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Singaporean sets example of good deeds to young Vietnamese via charity trip

Thursday, December 10, 2015, 16:46 GMT+7
Singaporean sets example of good deeds to young Vietnamese via charity trip

A Singaporean has organized a charity trip to an orphanage in southern Vietnam in the hope of bringing love to the children as well as encouraging young people to do good things.

Gabriel Kang visited the Thien Binh orphanage in Dong Nai Province on Sunday together with 30 young Vietnamese volunteers.

“I’m trying to encourage more young Vietnamese to do good things, so I invited them here with me on this trip. After I leave, hopefully I’ve created a ripple effect,” Kang told Tuoi Tre News.

“I hope the volunteers like what they do and enjoy playing with the children,” he added. “I also hope that some of them, maybe 10 or 20 percent, will come back without me and continue to do good things for the people here.”

Many members of the group said they had never met Kang before and just heard about his story, then deciding to join the trip.

Kang raised money to help Vietnamese tourist Pham Van Thoai who got duped in Singapore in November last year, when he purchased an iPhone 6 in Sim Lim Square.

Thoai, who decided to pay S$950 (US$678) to buy an iPhone 6 at the store of Mobile Air Pte Ltd in Sim Lim, was asked to sign some worded invoice in English, a language he barely understood.

He was then forced to pay an additional S$1,500 ($1,071) for a one-year warranty before he could receive the phone.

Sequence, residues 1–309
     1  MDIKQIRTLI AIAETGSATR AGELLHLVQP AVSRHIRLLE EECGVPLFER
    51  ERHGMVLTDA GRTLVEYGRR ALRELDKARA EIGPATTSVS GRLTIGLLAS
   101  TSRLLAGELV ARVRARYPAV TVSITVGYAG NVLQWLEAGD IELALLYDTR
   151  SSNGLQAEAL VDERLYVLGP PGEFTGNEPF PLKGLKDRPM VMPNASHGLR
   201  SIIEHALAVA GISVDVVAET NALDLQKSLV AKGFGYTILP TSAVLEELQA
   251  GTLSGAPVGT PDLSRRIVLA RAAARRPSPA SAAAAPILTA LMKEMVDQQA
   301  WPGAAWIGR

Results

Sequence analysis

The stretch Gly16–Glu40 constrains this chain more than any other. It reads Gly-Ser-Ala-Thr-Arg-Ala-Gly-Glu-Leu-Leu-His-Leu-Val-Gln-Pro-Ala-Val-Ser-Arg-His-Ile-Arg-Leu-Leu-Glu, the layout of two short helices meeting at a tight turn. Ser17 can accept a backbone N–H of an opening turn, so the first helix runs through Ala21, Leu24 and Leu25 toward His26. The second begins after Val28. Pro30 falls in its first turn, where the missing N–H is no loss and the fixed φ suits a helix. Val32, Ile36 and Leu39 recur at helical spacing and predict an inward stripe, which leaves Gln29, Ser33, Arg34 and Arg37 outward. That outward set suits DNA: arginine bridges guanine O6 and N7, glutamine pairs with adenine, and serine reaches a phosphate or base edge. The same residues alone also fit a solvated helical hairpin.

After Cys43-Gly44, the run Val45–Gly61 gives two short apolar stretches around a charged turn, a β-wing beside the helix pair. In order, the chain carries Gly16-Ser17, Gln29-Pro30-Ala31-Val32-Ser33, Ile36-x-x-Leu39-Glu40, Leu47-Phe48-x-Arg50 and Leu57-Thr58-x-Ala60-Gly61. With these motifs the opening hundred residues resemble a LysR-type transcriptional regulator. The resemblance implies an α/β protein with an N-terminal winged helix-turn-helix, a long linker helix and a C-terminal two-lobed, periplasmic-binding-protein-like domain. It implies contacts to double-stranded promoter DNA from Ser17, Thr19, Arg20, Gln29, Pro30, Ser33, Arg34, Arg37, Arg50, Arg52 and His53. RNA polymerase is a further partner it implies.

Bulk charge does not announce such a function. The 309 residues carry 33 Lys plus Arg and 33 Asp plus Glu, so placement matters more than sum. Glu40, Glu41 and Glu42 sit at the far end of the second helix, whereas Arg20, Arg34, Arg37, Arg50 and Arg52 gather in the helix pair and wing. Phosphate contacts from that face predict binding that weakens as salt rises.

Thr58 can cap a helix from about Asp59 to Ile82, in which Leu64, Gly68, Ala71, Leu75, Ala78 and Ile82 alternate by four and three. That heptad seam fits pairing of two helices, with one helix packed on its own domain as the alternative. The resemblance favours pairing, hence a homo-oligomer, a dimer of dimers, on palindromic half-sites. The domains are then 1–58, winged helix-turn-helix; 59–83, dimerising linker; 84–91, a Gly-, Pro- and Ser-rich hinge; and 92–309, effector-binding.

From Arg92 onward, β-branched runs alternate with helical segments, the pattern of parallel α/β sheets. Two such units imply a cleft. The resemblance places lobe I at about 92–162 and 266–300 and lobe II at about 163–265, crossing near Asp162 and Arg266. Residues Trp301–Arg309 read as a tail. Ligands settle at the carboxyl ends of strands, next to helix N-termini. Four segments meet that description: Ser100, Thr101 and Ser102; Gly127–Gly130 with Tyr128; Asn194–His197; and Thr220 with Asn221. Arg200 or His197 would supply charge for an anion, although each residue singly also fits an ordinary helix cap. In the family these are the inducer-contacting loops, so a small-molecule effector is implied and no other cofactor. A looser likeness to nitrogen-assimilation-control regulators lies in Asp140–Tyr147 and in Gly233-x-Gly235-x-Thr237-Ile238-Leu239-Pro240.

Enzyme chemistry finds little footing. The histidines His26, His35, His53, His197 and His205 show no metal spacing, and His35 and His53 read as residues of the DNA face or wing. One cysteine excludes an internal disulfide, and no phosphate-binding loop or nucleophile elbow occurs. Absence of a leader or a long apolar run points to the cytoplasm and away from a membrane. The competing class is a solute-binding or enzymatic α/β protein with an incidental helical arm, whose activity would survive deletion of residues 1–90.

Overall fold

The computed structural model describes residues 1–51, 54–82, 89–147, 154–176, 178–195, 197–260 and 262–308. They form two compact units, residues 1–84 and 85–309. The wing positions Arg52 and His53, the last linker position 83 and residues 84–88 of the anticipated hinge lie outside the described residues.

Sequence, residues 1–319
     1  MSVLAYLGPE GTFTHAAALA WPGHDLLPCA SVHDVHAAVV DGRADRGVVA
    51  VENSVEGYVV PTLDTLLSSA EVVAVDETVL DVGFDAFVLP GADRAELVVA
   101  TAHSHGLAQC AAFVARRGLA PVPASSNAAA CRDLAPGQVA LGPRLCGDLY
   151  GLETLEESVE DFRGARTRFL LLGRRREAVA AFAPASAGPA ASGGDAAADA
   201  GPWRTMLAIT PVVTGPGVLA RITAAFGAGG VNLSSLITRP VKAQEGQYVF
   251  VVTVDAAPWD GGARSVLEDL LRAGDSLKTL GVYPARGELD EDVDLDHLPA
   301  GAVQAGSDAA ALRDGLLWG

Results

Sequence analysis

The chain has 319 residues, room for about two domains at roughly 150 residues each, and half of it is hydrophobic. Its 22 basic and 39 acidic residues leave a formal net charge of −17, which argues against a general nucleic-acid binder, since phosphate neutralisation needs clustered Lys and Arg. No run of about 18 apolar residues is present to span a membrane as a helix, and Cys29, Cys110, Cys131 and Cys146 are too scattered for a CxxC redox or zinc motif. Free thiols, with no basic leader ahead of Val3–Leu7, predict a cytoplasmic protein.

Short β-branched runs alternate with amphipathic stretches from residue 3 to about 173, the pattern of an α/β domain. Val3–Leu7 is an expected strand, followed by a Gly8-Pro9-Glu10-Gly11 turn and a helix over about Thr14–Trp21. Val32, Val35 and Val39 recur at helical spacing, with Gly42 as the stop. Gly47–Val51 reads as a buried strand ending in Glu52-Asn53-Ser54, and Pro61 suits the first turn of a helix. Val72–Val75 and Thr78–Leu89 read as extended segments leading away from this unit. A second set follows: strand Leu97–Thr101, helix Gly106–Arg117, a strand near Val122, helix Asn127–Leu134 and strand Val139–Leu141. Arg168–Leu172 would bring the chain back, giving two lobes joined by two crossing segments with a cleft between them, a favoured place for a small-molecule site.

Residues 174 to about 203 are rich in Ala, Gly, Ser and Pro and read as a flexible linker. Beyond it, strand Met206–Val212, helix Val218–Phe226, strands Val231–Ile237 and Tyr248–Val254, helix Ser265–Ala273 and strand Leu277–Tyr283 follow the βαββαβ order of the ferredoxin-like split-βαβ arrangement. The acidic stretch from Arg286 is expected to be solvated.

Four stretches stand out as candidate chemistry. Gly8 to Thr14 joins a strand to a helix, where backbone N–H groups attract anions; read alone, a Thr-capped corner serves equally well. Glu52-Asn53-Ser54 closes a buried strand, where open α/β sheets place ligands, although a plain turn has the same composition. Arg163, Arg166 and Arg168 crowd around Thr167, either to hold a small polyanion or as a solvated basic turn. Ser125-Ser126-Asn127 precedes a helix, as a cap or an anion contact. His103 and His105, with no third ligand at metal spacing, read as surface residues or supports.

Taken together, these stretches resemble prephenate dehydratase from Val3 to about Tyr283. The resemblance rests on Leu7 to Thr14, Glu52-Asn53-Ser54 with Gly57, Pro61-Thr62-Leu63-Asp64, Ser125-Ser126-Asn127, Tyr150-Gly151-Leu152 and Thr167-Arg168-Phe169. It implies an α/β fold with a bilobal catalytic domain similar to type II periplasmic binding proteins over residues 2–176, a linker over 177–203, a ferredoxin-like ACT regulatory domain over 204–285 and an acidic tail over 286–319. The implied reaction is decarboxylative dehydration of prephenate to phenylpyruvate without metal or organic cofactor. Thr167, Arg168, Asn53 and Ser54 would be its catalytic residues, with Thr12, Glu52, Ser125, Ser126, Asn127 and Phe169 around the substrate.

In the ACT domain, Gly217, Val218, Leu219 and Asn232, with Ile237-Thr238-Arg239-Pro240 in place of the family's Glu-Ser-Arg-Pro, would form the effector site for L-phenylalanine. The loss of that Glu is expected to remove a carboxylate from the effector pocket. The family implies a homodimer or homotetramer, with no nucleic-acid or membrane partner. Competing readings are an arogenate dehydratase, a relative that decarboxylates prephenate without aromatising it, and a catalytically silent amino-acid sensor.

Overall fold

The Vietnamese tourist then declined to pay the additional money, down on his knees, begging the store to return him the cash he had paid but then only got back S$400 ($285) and no iPhone.

At the end of November this year, Mobile Air boss Jover Chew Chiew Loon was sentenced to 33 months in jail for cheating 26 victims into agreeing to buy mobile devices worth $16,599 from January to October 2014.

After Thoai’s scandal, Kang called on Singaporeans to chip in to buy a brand new iPhone 6 to send to him with the initial raising target of $1,350 (S$1,804); however, he then received $12,431 (S$16,615).

Kang told Tuoi Tre News that the Sunday trip’s budget of around S$3,000 ($2,147) was from his own pocket and part of the amount he had pooled in the iPhone scam.

Some other donors also contributed food and clothes.

Gwen Ooi, who flew from Singapore on Friday night after knowing about the trip via Facebook, said she joined the charity trip to see what the children at the orphanage needed.

Ooi said that she and Kang were doing charity work at the personal level so that it could be long-term.

“I may look for more support from Singapore,” she added.

The volunteer group brought ingredients from Ho Chi Minh City to the orphanage to cook nearly 200 meals for the kids there, besides buying them ice cream for dessert.

In addition to the meals, Kang also gave away 20 drones produced by his company costing $60 each to the kids.

This was not the first time Kang had visited the orphanage.

Early this year, he brought S$2,000 ($1,496) from the auction of the iPhone he had intended to give Thoai, but the Vietnamese man refused to receive it, to visit the Thien Binh orphanage and bought a freezer, toys, and medicines for it.

The Singaporean man once helped a Vietnamese, as he bought a flight ticket for a young woman who had to work in a karaoke restaurant in Malaysia to return home.

Kang said the woman had kept asking for his help in every post on his Facebook.

As he has received thousands of messages asking for help after the iPhone fundraising and he cannot provide help in all cases, Kang is planning to launch a project called One Last Thing, in which people can share their problems and others could help after verifying all the information.


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